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142

If you feel the 'Confirm Email Address' field is required, but want to prevent people copy-and-pasting it then why not take a different approach? When requesting the user details and email address just ask the questions once. Then, on the final sign-up / payment screen (depending on your application) add a field on this last page stating: "We will send ...


82

I would avoid this behaviour as it's breaking people's basic expectations of being able to copy/paste. October 2011 - an article by blogger, speaker and serial entrepreneur Boris Veldhuijzen van Zanten on The Next Web (which he founded) - 10 ways to screw up a web form and piss me off Number 1 - that's number ONE: Don’t ask people to re-type email ...


67

I found an article that explains this. Apparently, in Argentina, ATMs give cash before the card, resulting in a large amount of people leaving their cards behind. See http://uxmovement.com/thinking/preventing-user-errors-in-automated-teller-machines/ - unfortunately there are no references cited so I'm unsure how true this is. To me, however, it would make ...


31

The question that was not asked directly: Should we hide the main navigation in the checkout process? Yes, we should hide it. A merchant wants to hide the main navigation mainly because of the conversion rate (ratio between people entering the checkout process and the ones actually finishing it). For average users the checkout process can still be ...


23

Since the email field is unmasked, the confirmation seems redundant to users. If the user is advanced enough to copy and paste instead of retyping, the user probably knows his/her address. Preventing copy and paste would just annoy users. When the user copies the email, the user has to look at what he wrote and thus would probably notice a mistake, ...


22

Unfortunately there aren't many real references to help answer this question. UXMovement has an article which Tass references in their answer, which makes some good points about the task flow of using ATMs. In summary: Users follow the tasks in sequence, but regard the task as completed once they have achieved their goal. Subsidiary steps are easy to ...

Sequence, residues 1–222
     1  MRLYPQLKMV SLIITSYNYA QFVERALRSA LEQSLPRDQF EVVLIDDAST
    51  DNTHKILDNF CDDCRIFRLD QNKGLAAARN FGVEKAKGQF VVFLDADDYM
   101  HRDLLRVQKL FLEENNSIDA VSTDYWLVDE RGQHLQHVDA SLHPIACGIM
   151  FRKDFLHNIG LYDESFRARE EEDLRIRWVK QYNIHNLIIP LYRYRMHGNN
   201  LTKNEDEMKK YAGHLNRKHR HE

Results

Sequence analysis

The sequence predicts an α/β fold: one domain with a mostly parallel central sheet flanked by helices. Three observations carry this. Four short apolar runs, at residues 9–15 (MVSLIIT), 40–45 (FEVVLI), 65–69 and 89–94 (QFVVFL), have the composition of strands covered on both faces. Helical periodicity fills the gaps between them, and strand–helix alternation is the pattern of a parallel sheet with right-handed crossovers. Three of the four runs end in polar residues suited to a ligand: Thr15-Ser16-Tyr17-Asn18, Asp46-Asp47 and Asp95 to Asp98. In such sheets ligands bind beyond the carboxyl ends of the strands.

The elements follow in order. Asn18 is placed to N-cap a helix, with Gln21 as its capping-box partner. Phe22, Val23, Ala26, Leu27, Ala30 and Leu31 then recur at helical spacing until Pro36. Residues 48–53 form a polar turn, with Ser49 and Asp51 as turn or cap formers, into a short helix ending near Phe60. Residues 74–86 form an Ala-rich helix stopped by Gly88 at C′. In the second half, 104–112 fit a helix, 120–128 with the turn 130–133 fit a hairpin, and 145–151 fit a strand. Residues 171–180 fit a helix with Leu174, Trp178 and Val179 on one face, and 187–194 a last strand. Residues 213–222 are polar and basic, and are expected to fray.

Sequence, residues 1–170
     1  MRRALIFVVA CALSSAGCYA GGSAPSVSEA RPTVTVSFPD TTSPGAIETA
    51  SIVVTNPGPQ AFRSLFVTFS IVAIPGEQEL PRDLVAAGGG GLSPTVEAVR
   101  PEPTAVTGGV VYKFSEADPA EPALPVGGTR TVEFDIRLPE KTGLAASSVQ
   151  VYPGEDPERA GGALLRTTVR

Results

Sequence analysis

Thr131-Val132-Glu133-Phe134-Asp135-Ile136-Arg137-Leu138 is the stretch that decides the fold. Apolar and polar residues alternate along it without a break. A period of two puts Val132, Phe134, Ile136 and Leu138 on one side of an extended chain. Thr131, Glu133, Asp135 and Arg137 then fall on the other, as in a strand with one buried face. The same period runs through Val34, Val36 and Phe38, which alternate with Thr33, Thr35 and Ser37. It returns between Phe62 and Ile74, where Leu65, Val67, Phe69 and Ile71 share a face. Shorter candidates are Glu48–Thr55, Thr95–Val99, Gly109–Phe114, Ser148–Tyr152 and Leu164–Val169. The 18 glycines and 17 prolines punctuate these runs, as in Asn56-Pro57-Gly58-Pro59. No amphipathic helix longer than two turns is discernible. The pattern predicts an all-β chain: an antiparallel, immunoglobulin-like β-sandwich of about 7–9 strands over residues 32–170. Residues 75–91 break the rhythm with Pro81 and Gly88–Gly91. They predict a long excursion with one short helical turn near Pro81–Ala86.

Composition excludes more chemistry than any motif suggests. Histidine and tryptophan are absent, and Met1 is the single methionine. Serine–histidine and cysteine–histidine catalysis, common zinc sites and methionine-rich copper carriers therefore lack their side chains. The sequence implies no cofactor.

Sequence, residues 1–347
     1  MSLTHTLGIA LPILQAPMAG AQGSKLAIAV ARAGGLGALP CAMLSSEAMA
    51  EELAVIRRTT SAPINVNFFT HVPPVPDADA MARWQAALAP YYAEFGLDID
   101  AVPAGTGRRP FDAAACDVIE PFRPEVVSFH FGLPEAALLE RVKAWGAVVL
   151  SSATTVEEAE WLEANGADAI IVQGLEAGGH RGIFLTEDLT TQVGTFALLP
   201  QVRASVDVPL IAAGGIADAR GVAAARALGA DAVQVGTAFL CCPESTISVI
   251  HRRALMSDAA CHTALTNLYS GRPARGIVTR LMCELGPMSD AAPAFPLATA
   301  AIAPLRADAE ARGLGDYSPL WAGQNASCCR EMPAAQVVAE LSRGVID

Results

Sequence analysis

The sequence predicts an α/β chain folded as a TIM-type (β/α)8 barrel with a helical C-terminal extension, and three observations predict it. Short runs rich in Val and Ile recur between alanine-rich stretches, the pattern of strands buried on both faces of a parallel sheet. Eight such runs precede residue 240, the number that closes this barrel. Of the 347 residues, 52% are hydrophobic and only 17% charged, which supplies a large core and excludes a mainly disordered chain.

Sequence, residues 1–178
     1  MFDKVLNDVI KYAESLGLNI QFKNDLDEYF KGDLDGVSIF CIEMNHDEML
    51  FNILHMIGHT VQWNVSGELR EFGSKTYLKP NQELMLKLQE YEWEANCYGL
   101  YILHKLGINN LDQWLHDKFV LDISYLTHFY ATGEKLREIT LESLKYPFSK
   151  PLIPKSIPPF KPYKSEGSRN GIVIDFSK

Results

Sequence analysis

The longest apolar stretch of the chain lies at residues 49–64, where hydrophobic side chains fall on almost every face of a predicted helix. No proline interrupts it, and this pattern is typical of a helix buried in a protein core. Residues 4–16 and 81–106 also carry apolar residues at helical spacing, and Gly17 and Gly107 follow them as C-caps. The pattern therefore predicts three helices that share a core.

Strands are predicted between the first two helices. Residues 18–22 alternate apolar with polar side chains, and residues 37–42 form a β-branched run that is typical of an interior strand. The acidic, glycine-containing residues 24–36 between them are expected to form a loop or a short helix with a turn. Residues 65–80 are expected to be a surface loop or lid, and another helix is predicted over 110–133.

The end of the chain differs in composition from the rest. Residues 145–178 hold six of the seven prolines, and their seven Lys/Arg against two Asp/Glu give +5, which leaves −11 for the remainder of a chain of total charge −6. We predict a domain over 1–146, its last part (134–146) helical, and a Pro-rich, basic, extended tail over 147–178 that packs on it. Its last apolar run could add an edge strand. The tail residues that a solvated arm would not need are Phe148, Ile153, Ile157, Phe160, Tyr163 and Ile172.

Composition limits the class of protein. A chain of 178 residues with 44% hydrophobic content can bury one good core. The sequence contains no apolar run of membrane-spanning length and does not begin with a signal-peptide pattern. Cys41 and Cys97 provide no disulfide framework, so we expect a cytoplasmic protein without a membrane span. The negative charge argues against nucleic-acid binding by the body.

16

This exact questioned is actually answered! This questioned is an example of a Forcing Function described in the book Design of Everyday Things by Donald A. Norman Forcing Function Defined Forcing functions are a form of physical constraint: situations in which the actions are constrained so that failure at one stage prevents the next step from ...


16

I can see no real functional reason to clear a basket automatically. Basket should have a function to clear old(er) items. A "select all" on the list of items in the basket and "remove from basket" action would suffice for that. Other than that there should be warnings on price changes as Amazon does. And of course there should be a warning when an item in ...


15

TL;DR: Use a single text field, store as a single string, show an address label preview. Separate fields have served limited purpose, such as safely identifying the country, town or zip code area someone lives in. They also allowed to enforce some constraints, such as providing a fixed list of countries. They also - in theory - allowed to "reduce the ...


14

This is tricky, because you have a variety of different scenarios for when automatically clearing items is a great idea and probably just as many for when it’s not. Personally I agree that it shouldn’t be cleared. I’ve been surprised when visiting the same site again to find items in my cart that I didn’t remove by myself. But that’s just me — and the ...


13

I would expect payment information to be demanded only once I've been presented with the absolute grand total, so that I know exactly how much I'm going to be charged. One of the common steps in a checkout process is choosing from delivery options, which often have different charges associated with them. Another example is gift wrapping, which usually ...


13

Your shipping and billing information is pretty crucial to the process of placing an order. If it's incorrect, your order will be misdelivered (not cool) or you won't be able to charge the customer correctly for the order. Like any input that has such huge consequences for a software process, it is good UX to allow the user to review this essential ...


12

Don't do this. Don't even do it for password fields. I use a password database (Password Safe) and I hate sites that won't let me paste a password after I've copied it to the clipboard. I'm trying to be a responsible netizen and not use the same password for multiple sites and not use short, easily cracked passwords either, so don't prevent me from doing so ...


11

Well its a human behavior that we never forget to take the money :). When we step into an ATM our primary task is to take the cash. So we are always in a mindset where we are trying to understand how much do I want to take out and what denomination will I get. In this phase we are all thinking about the CASH. The Card is just a medium to authenticate the ...


11

Though the number of steps you defined looks fine to me, This is going to be really hard question to answer unless you show screenshots of the pages in question since there are single page checkouts as well which handle the information density well and guide the user well. But to answer your question, there is no right or wrong number of checkout steps as ...